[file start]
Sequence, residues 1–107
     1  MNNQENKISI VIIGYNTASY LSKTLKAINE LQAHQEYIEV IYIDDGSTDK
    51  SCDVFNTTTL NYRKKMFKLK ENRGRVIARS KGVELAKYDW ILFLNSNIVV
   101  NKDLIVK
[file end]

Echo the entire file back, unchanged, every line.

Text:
Sequence, residues 1–107
     1  MNNQENKISI VIIGYNTASY LSKTLKAINE LQAHQEYIEV IYIDDGSTDK
    51  SCDVFNTTTL NYRKKMFKLK ENRGRVIARS KGVELAKYDW ILFLNSNIVV
   101  NKDLIVK